Cádiz: La Plaza Montidero & Bar / Restaurante El Serrallo

You may remember – I’ve certainly mentioned it on here before, and probably elsewhere – that one of the principal reasons for choosing to study Spanish at the K2 language school here in Cádiz was not just its general location in the heart of the old part of the city but its specific location in a medium-sized square where I imagined myself sipping a morning coffee prior to the lessons and then a celebratory end-of-day beverage to mark another industrious and successful day in the language classroom. Few things in life turn out to be as good or even better than you hoped, but during the last four weeks in Cádiz, my dreams of doing the coffee and beer sipping morning, sometimes noon and usually night here in the Plaza Mentidero have come to fruition in grand style. It’s a wonderful place.

This is no tourist trap, far from it. It is a haven for locals and for students at the university, which has buildings nearby. There’s a bread shop staffed by two women who, knowing I’m a student of Spanish, always enunciate their words, never slip into English and often make a point of teaching me a new word for a particular item in their shop. This morning it was a ‘Napolitana‘, I think. Then there’s the ‘Todo a 1€‘ shop which doesn’t sell ‘Todo a 1€‘. I like that; what rebels! There’s also the ‘Caramelandia‘ which is strategically placed so as to capture the hoardes of primary school children streaming through the square in the early afternoon. It also, curiously, has a ‘teléfono publico’. This seems so incongruous a thing to advertise that I can only imagine that it is a sign to the locals that the sweet shop is just a front for nefarious activities is the back room. Or perhaps they just have a public telephone. The Skull Tattoo shop offers both tattoos and piercings. The locals seem to be no more or less tattooed or pierced that the rest of Spain but the shop is always busy. Perhaps they too have a ‘teléfono publico‘. Just opposite is the shop selling industrial workwear. Clothes are made from cloth or textiles (who said this website wasn’t informative?) and the person who gave the place its name must surely still have a smug smile on their face: ‘TexSymbol‘. Genius.

There are five other establishments in the plaza; they are all bars. Five of the 138,000 in Spain – more than the combined number of bars in Britain, France and Germany according to the book I have just been reading. I’ve only made use of two of them. The ‘Bar Garabato‘ has friendly staff and usually provides our break time coffees during the school day. For 5€ they advertise a two tapas and one beer deal. The more observant patrons will notice that tapas dishes on the menu cost 2€ and that there’s a chalk board in the window advertising cerveza for 1€. They clearly got the guy from TexSymbol in to devise their marketing strategy.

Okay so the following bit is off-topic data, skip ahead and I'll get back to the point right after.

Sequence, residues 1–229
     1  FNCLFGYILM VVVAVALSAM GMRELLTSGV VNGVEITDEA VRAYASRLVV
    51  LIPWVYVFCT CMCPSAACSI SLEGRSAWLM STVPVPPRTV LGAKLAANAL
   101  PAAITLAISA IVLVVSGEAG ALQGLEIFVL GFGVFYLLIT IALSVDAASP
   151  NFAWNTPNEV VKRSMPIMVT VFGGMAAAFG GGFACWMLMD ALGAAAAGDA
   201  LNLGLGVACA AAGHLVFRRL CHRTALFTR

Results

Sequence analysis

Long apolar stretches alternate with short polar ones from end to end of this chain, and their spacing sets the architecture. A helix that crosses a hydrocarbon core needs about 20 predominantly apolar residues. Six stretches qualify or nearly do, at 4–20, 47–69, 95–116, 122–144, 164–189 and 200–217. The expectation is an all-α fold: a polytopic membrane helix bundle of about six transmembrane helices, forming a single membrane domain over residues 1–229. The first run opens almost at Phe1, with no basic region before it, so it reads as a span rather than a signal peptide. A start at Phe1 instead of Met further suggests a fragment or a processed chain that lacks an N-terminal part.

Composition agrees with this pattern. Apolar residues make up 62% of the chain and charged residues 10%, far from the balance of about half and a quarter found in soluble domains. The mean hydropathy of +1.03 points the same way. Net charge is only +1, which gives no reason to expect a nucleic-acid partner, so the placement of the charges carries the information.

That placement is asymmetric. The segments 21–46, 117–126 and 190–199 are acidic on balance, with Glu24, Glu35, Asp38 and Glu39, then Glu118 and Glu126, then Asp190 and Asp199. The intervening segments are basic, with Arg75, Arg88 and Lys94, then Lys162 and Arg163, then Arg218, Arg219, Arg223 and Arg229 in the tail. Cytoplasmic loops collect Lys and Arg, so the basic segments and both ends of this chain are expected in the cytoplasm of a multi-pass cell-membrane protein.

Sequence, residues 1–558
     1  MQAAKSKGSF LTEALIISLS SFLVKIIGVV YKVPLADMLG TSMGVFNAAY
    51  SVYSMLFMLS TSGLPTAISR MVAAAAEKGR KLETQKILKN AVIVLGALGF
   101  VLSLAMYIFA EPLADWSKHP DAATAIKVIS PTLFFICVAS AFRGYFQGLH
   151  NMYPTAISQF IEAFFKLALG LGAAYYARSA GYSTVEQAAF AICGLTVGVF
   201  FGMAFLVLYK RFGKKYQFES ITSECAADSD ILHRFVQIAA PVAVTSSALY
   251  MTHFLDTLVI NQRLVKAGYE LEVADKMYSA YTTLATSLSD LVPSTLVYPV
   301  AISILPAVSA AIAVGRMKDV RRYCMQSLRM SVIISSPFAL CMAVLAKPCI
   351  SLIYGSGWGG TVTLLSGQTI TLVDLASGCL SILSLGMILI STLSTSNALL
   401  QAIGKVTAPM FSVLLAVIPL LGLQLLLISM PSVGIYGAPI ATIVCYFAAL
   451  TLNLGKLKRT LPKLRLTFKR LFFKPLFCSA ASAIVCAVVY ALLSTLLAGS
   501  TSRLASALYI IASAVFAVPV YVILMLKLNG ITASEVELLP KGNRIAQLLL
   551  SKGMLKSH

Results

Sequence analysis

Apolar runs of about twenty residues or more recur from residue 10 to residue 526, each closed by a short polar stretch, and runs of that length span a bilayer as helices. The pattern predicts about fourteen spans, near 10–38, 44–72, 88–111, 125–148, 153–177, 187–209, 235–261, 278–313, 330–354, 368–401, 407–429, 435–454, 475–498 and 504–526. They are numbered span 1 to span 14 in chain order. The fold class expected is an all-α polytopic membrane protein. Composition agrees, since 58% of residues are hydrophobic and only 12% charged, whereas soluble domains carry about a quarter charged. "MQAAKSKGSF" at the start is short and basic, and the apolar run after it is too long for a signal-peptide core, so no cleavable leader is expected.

But the place in which I feel most at home is the El Serrallo

…which, according to my detailed and extensive research (someone told me in Twitter this morning), means ‘harem‘, a “…forbidden place, sacrosanct, sanctum…”. It provides me every morning with a strong black ‘café solo’ and a value tumbler of beer in the evening. From both inside the bar and out I’ve been watching it carefully for the past month; I think I’ve just about worked it out and it is Cádiz’s answer to Les Deux Moulins in Amélie….

It’s run by two guys who I suspect are brothers as the both seem to be in charge and if you squint they look almost similar. There’s an age difference of about ten years but their father is the eminence grise of the establishment. He’s there every morning but doesn’t speak. Why, I’m not sure but he surveys the bar, nods sagely when regulars enter and very occasionally when his sons are busy helps out in the most minimal of ways. I’m not saying that he should, after all he is in his eighties, but he is almost definitely the big boss. I have yet to work out the marital status of the older brother but the younger one has a broken marriage, perhaps. Every morning the mother of his two children brings them into the bar and they run up to their dad for a hug. His alleged ex-wife is pleasant but no discussion takes place let along any hugging. There are two women who work in the bar and their shifts cross over during the middle of the day. Both are in their mid to late twenties but only one has a boyfriend who might have a family connection to the two brothers. More observation is required. As far as the clientele goes I’m not, of course, the only regular. There’s a PE teacher looking type who reads the newspaper at one of the tables each morning. The only thing that makes me think that perhaps he’s not a PE teacher is the existence of the newspaper. Then there’s the drunk. He’s an amiable drunk from what I can see, but he’s a drunk. I have even spotted him smoking in the back room. He’s ignored by the staff and regulars. He’s happy being drunk, doesn’t cause a problem for the others and is, I suppose, a regular source of income for the bar. A bit like a walking, well stumbling, daily standing order. There are others, many others all of whom are fascinating characters to spy upon. The final character I shall mention however is a chap who turns up in the morning – I suspect he’s a foreigner – stumbles over his order and sits tapping on his phone or his tablet computer. He occasionally writes in a notebook pretending to be Ernest Hemingway. He’s often back in the evening sipping a beer, perhaps two. Strange chap. I really can’t work him out.

What a great little place!

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What do you think?